- Issue #73 – Give Thanks
- Issue #74 – Bit Part Bad Guys
- Issue #75 – Kaiju for Christmas
- Issue #76 – Silicon Soul, Adamantine Will
- Issue #77 – Date Night
- Issue #78 – Delved Too Deep (Une Mascarade Brisée Part 1)
- Issue #79 – Tome of Secrets (Une Mascarade Brisée Part 2)
- Descendants Special #7 – The Curtain Rises
- Issue #80 – Bitter Work
- Issue #81 – Kin, Speed and Ducks
- Issue #82 – What To Do With Your Downtime
- Issue #83 – Avalon Rises
- Issue #84 – Darkness Falling
- Descendants Annual #7 – First Frost
Date Night (Part 1)
Alexis chewed on her lip as she worked through the her usual routine of email writing and answering that took the place of grading papers for her role of Power Control and Creativity instructor at the Liedecker Institute. Instead of seeing whether a student was retaining the information she was teaching, she had to evaluate varied measures of progress for each student and make arrangements accordingly.
Jada Devos’s next session required her to make special arrangements with the National Arboretum in DC. She’d finally gotten the green light from Method Rocket Laboratories to use one of their burn chambers to test how Maya Blumberg could get her fire. A deal was in the works with the Brüte Force Gym to let students like Jacob Richmond and Rose Abernathy use their equipment to work out. The one of the special hard rooms designed to allow the students to cut loose with their powers had all of its sensors blown out, so the contractor was going to have to go back to formula on their EM shielding.
Then there were all the communiques with the parents. Did their child have control yet? When would they have control? Why didn’t they have control? How could they ‘power proof’ their house? Would their other kids manifest? Did whatever the Descendants do that week have anything to do with the school?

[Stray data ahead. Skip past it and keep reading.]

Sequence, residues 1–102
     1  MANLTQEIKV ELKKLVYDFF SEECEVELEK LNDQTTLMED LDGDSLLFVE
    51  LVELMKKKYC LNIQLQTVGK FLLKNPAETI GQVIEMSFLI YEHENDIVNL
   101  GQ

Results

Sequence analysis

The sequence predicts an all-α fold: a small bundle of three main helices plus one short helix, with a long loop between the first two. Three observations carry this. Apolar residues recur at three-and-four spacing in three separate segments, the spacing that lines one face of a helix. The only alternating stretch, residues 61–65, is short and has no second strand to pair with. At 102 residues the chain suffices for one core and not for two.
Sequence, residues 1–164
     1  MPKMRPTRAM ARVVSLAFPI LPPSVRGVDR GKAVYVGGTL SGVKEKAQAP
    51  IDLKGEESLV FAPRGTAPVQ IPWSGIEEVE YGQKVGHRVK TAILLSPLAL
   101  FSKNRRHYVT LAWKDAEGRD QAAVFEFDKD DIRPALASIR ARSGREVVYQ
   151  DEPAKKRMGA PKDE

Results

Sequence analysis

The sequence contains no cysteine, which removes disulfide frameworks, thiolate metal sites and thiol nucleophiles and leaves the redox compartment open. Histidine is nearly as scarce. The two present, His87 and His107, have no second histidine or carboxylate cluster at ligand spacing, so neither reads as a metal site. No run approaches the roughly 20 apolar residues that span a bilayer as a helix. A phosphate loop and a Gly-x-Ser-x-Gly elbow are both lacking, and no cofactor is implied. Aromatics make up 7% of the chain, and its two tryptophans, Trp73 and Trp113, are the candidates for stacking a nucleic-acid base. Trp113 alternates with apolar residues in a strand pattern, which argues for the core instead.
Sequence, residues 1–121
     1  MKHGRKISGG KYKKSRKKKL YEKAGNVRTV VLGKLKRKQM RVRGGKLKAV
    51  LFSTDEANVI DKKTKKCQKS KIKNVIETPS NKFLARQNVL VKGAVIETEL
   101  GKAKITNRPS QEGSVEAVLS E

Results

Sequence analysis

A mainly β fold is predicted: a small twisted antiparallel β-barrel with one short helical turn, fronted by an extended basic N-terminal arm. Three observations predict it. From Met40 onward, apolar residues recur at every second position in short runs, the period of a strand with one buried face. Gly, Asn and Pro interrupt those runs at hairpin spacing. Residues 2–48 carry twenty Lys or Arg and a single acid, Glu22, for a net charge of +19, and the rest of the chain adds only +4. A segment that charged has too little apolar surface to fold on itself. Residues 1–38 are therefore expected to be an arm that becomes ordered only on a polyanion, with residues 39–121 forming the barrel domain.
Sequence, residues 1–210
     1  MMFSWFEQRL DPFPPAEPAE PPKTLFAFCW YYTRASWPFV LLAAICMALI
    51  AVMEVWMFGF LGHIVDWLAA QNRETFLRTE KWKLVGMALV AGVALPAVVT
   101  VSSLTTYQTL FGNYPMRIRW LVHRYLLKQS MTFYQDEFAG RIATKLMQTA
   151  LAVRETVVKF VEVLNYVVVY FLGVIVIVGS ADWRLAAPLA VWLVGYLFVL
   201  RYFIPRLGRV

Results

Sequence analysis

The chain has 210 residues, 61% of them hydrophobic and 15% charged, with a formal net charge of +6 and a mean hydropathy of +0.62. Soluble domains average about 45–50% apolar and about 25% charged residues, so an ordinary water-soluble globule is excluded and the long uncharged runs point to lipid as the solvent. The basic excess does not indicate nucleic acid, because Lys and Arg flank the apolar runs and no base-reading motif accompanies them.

The newest one was about whether or not any of the other students were actually robots. Alexis didn’t know if that was just about the whole ‘Adamantine’ thing in New York, or if Betty Sinclair’s nasty rumors about Alice Tatopoulos were spreading beyond the Institute’s walls.
And as always, there was Eddie Argent, the young man whose ‘luck’ power was so esoteric and fickle that his weekly powers class had devolved into a study hall while Alexis pondered over how to safely test it.
She loved her job; she really did. That didn’t mean that sometimes it wasn’t a lot of work. Few of the other teachers or staff member had to coordinate anything approaching what she handled on a daily basis and none of them patrolled the city as a superheroine three nights out of the week.
Luckily (to a certain value of lucky), the student who had their powers session right before lunch that day had taken a day of classes sick, giving her time to get caught up as well as do a bit more vetting for hiring on another powers teacher to serve the growing student body.